Phils Lose John Vukovich At Age 59

John Vukovich spent 41 years in baseball and was a constant in the Phillies organization. After seemingly beating brain cancer, Vukovich was felled by a second bout with the disease that took his life.

Longtime friend Chris Wheeler summed up John Vukovich best. "He was a beauty," said Wheeler. Most everybody who came in contact with John Vukovich felt the same way. On a personal note, I remember covering the Phillies in spring training a number of years ago and seeing "Vuk" steal Wheeler's brief case and move it onto the infield between first and second base. Without Wheeler noticing, Vukovich then picked up a bucket of baseballs and a bat and headed for the plate. When Wheeler went to retrieve his brief case, Vukovich started to fire ground balls at him. Everybody had a good laugh at Wheeler's expense, but there was no denying the great bond and friendship between the two. John Vukovich was the sort of person who you knew liked you by how much he teased you.

Vukovich broke into the majors with the Phillies in 1970 and never enjoyed the greatest of careers as a player, but was always one of the hardest workers on the team. He went into coaching and just like his days as a player, never truly reached the top, getting just a temporary managerial job with the Cubs when his friend Dallas Green took over as GM. Before Vukovich could make a move as manager, Green resigned and Vuk followed. From there, Vukovich returned to the Phillies. A year later, he managed the final nine games of the season, replacing Lee Elia on the Phillies bench.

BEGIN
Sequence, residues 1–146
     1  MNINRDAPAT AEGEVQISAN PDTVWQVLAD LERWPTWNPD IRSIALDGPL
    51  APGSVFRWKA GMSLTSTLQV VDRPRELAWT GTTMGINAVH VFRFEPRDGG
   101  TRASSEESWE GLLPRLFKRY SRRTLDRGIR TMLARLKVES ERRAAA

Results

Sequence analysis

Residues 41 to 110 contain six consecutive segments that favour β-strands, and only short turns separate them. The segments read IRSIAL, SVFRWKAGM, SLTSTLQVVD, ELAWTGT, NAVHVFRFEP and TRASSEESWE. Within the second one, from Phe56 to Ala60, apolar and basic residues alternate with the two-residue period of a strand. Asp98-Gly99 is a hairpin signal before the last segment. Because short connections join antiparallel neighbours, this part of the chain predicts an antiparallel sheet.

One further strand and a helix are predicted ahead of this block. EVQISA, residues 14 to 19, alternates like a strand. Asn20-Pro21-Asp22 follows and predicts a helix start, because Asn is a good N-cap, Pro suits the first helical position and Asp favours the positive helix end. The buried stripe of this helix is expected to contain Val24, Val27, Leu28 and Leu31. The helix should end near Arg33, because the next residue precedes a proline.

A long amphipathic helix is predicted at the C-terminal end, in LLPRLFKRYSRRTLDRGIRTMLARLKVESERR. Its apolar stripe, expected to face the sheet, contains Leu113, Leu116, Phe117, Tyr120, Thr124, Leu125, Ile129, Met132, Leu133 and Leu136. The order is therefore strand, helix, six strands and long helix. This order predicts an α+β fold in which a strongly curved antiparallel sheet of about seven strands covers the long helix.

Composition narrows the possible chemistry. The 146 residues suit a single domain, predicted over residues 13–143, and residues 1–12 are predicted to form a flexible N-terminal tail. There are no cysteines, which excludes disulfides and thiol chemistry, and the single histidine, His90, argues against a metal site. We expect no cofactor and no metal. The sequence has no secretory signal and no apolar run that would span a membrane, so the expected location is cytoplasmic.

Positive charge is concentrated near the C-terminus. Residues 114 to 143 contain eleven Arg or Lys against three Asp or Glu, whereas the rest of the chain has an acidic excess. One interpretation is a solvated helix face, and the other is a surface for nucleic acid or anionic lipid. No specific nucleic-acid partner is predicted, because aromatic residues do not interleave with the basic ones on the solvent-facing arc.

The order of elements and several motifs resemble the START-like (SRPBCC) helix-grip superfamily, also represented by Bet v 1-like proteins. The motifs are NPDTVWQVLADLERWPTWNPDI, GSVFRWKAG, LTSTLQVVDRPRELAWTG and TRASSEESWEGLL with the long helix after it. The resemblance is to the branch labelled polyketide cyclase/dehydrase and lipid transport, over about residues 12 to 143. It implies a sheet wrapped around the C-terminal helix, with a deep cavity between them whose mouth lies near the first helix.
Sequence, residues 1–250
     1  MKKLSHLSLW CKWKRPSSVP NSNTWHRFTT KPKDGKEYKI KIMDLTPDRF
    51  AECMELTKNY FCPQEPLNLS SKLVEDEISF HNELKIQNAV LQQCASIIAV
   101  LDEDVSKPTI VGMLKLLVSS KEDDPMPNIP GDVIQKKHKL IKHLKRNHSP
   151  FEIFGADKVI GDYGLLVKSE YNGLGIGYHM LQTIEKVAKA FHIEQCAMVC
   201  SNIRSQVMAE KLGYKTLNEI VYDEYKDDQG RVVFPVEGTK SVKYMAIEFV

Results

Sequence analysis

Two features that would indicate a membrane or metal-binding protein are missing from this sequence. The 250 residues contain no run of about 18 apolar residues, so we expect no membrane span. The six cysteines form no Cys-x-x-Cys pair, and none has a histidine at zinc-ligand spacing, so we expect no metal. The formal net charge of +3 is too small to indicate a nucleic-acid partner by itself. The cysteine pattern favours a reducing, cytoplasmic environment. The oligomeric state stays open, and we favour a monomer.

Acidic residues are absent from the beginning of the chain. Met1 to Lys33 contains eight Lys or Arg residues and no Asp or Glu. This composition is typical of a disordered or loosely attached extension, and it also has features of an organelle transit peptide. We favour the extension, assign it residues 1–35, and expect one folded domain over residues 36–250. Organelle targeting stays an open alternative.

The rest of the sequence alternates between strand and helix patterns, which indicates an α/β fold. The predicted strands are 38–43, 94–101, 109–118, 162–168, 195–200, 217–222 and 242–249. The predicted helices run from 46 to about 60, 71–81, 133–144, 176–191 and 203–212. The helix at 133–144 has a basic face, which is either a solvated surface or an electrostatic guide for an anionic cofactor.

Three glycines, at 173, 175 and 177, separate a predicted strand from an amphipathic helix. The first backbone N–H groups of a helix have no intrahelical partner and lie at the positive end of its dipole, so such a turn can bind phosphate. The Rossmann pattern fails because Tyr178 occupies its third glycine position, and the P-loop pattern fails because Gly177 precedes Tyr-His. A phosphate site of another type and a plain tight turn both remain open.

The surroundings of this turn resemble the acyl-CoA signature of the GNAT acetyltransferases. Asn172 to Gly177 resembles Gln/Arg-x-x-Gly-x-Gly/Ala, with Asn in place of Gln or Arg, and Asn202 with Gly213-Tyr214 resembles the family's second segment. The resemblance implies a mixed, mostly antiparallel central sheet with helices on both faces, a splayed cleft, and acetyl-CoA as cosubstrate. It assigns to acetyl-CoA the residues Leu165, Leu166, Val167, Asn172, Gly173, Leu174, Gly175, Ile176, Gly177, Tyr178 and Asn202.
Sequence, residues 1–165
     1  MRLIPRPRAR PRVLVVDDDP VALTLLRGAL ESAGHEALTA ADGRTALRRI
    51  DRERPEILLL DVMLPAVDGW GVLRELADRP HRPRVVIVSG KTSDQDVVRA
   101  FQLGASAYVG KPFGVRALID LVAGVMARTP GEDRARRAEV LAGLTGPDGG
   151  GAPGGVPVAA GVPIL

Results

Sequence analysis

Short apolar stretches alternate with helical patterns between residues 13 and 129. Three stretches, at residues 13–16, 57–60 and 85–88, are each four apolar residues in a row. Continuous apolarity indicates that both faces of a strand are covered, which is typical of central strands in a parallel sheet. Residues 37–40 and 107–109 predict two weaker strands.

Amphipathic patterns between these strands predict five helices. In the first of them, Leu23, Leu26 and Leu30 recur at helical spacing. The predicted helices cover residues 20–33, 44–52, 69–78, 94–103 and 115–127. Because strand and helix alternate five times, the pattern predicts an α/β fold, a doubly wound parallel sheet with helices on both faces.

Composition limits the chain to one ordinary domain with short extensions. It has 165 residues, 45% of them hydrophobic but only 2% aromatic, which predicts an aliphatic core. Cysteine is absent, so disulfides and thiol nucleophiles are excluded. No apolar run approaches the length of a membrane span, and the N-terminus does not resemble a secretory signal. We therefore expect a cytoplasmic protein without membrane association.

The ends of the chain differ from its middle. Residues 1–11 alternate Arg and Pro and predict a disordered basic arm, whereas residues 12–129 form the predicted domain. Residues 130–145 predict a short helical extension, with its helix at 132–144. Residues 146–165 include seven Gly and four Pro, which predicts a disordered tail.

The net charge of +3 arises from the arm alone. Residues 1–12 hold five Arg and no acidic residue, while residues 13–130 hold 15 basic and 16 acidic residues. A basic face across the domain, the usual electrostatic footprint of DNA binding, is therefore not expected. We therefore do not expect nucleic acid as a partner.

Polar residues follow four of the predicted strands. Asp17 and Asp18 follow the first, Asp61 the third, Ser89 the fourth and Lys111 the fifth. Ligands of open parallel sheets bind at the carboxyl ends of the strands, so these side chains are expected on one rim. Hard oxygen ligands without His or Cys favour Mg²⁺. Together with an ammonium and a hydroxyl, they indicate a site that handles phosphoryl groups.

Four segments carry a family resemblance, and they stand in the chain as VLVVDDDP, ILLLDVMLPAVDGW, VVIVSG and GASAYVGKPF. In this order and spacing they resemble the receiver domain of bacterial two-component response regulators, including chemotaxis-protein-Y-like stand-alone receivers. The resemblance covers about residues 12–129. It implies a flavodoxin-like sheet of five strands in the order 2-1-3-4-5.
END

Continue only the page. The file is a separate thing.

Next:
Vukovich hid the fact that he was in failing health. He missed the Winter Meetings last December and there were growing rumors about his health. Only this week, news of just how gravely ill he was began to trickle out around the baseball community. Vukovich missed just two months after undergoing brain surgery in 2001. He had been in relatively good health since then, but had experienced headaches and blurry vision lately.

There are a ton of stories about Vukovich and he, in turn, had a ton of stories to tell. His favorite may have been about how Reds manager Sparky Anderson pinch-hit for him in the first inning of a game in 1975. Now, only the stories about Vukovich will be told. The ones from him have been silenced.

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